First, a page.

I know that there’s a god because I was able to survive everything that I’ve been through – all of the tough times – and I’m still at the top of my game.– Floyd Mayweather, American professional boxer
I shared recently pictures of food I bought for breakfast from a food court in my neighbourhood.
A good friend who lived not that far away said I was lucky. She said her family could not buy food for breakfast, lunch or dinner because all the food court and stalls in her neighbourhood were closed.
“My nephew craved for kolo mee and we called the food delivery service. We had to pay RM4.50 for a packet of kolo mee and they said we must order at least five packets, otherwise they would not send.”
During the movement control order (MCO), set initially for March 18 to March 31 but now extended for a fortnight till April 14, I still pay RM3.50 for my packet of kolo mee at my neighbourhood food court.
Paying RM4.50 for a packet of kolo when it is home delivered to you is not expensive, considering the trouble involved in sending it to you.
During the MCO, dine-in is banned and customers can only order takeaways. This has pushed up the demand for food deliveries all over the country. With Malaysians staying home under the MCO, many food businesses have grabbed the opportunity to offer home delivery.
The MCO also bars people from leaving their homes unless important such as to buy groceries or seek medical attention to contain the spread of Covid-19.
As a sub-editor, I still work and go to the office during the MCO but my colleagues and I have a special permit to move around after 7pm from the State Disaster Management Committee Secretariat.
On my way to the office in the afternoon, I often come across people delivering food on their motorcycles for famous brands like Foodpanda, GrabFood and Lyfe. Sometimes I see a few of them gathering outside a food restaurant; perhaps they are waiting for the food to be ready before setting out on the road again.
New Sarawak Tribune general office has been closed since March 18 and I guess it will remain closed until April 14. But the nerve centre of the newspaper — the editorial office — is still operating.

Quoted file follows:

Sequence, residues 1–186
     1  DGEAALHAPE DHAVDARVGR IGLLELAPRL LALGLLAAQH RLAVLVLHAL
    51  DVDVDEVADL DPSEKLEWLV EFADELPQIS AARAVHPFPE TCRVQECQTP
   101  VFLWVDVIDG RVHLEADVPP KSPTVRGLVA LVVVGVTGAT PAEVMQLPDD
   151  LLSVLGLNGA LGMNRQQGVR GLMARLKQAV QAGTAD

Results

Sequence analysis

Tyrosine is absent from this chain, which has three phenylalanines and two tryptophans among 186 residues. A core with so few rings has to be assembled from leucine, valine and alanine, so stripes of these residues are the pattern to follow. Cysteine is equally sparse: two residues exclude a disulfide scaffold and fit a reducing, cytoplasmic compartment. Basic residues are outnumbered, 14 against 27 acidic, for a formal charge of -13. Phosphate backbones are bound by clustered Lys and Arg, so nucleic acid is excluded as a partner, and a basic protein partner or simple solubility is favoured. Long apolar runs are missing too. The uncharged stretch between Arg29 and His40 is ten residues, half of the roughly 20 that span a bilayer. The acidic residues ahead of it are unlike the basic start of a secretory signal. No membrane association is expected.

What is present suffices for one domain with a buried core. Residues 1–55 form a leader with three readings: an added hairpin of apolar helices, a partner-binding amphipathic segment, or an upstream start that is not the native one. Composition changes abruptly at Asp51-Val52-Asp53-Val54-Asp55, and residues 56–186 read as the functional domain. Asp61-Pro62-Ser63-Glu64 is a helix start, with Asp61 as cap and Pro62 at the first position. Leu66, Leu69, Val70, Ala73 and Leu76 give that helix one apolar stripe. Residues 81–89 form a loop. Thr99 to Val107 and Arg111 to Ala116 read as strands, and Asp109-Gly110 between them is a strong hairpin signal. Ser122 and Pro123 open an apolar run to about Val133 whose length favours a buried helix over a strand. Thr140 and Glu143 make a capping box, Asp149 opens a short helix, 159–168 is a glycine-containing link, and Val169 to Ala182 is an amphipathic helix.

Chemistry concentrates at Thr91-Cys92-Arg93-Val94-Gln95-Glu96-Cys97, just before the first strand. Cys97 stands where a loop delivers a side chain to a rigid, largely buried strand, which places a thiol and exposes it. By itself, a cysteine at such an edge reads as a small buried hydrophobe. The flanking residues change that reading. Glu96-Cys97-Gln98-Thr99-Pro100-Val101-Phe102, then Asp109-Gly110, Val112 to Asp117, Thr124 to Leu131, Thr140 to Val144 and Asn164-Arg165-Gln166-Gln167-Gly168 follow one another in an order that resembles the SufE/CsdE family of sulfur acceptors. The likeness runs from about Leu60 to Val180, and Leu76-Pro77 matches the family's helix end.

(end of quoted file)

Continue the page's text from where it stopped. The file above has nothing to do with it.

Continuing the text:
Life continues as usual for editors, subeditors and desk top publishing (DTP) artists. Since March 18, the reporters and photographers have been working from home.
In my long career as a journalist, this is the first time I have worked in these unusual circumstances.
Like doctors, nurses and healthcare workers, journalists (these include reporters, editors, subeditors, etc) face the risks of contracting the coronavirus.
Before the government directive to practise social distancing and wear masks, the reporters covered all the big important functions, shook hands with many people and did not wear masks.
What is frightening about Covid-19 according to most recent research is that its patients can spread the virus even when they are not showing any symptoms.
In my office, because of space constraints, we all sit quite close to each other. I sit less than three feet away from my nearest neighbours because of the way the desks are set up and joined. Reporters, subeditors and DTP artists are all accommodated in one room.
Social distancing has been recommended to slow the coronavirus outbreak and flatten the curve.
Ever since the MCO and stress on social distancing, one of our bosses has been reminding us to wash our hands regularly and to wear masks. The office also gives us masks.
Despite the MCO, the number of Covid-19 patients in Malaysia is still rising.
It is reported that 95 per cent of Malaysians are complying with the MCO. But five per cent are not despite countless reminders.
These five per cent do not comply with the social distancing directives at markets and supermarkets and they still venture out on the roads even though they have no urgent reasons to do so.
Because of this five per cent, Senior Minister (Security Cluster) Datuk Seri Ismail Sabri Yaakob has revealed that the standard operating procedure (SOP) for MCO would be tightened to ensure full compliance.
The new SOP, which was being drawn by the National Security Council, would be applied during the second phase of the MCO.
He hinted a new and stricter SOP would include restrictions in terms of movement for the purchase of essentials, food, shopping, etc.
The federal government decided to extend the MCO for another two weeks until April 14 because new Covid-19 positive cases had spiked.
When announcing the extension of the MCO, Prime Minister Tan Sri Muhyiddin Yassin said it was important to stop Covid-19 infections and the strategy could be a success if the people were not exposed to the virus through daily interactions.
Will the MCO be extended again after April 14? Most likely if new Covid-19 positive cases continue to spike.
However, Chief Minister Datuk Patinggi Abang Johari Tun Openg is optimistic Sarawak can reduce the number of confirmed Covid-19 cases to zero in the next few weeks.
He pointed out that since the implementation of the MCO on March 18, until March 26, the trend of Covid-19 transmission (positive cases) in the state had stabilised.
Abang Johari appealed to all Sarawakians to abide by the MCO and stay at home.
He added that Sarawak had benefited from being separated from Malaya by South China Sea; this geographical factor had played a big part in stopping the chain of Covid-19 infections.
Until next week, stay safe, my friends.